A Wyss Institute diagnostic has excited interest from the public through its exhibition at the Science Museum London
(LONDON) – The rapid, portable Zika diagnostic – developed in spring 2016 at the Wyss Institute for Biologically Inspired Engineering by a team of collaborators led by Core Faculty member James Collins – has been visited by an estimated 300,000 people inside the Science Museum London, where the prototype test has been on display since August 2016.
At the Wyss Institute, Collins’ team developed the Zika test to work without requiring refrigeration or electricity by engineering a diagnostic system built of freeze-dried synthetic gene circuits embedded within paper discs. These circuits become activated when the paper is rehydrated with a droplet of sample fluid, which could theoretically be blood, urine or saliva, so that the disc changes color to indicate a positive result for Zika virus. The color changing visual readout is similar to that of a home pregnancy test. Working with collaborators in Ecuador, the Zika test has recently been used to accurately diagnose presence of Zika virus in patient samples.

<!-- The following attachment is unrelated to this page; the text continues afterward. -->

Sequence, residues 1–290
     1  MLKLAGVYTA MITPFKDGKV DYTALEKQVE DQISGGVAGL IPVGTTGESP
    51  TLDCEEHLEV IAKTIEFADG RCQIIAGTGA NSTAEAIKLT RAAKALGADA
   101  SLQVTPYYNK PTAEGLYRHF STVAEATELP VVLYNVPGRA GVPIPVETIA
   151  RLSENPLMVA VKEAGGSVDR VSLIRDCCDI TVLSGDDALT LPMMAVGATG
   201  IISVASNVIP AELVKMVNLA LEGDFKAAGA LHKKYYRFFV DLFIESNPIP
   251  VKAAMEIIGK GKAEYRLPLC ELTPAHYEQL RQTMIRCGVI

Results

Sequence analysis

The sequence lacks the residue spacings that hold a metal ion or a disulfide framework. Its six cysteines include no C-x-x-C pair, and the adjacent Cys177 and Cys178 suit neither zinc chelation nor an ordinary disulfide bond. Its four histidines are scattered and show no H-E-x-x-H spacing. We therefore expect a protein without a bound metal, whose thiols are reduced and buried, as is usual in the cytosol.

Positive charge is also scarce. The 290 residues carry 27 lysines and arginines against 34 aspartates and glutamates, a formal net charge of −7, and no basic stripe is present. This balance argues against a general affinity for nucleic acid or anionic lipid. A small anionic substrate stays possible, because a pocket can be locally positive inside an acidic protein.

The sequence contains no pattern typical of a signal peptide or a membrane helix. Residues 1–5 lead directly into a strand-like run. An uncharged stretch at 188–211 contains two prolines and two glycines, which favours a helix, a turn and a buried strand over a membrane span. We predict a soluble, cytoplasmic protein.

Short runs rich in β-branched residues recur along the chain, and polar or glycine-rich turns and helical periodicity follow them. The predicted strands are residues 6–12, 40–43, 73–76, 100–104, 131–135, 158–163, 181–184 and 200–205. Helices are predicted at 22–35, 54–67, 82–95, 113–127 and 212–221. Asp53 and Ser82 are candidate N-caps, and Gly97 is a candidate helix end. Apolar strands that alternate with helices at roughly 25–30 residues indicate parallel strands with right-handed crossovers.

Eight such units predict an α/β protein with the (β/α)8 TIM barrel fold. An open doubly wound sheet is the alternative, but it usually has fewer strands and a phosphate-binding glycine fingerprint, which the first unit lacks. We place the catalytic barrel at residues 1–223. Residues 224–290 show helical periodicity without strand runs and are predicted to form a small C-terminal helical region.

The Zika test was exhibited in the contemporary science gallery, where technology is selected for its ability to “open the doors to significant strides in our future,” according to Sheldon Paquin, an exhibition content developer at Science Museum London. Alongside the Zika test, other displays included artificial nerves that connect directly to the brain and an autonomous submarine that monitors icebergs in relation to global warming.
“The exciting thing for us about the [Zika test] is that it’s a practical application of synthetic biology, and could dramatically change how we think of diagnostics in the future,” said Paquin. “Tests like these are critical for modern healthcare to leave the hospital.”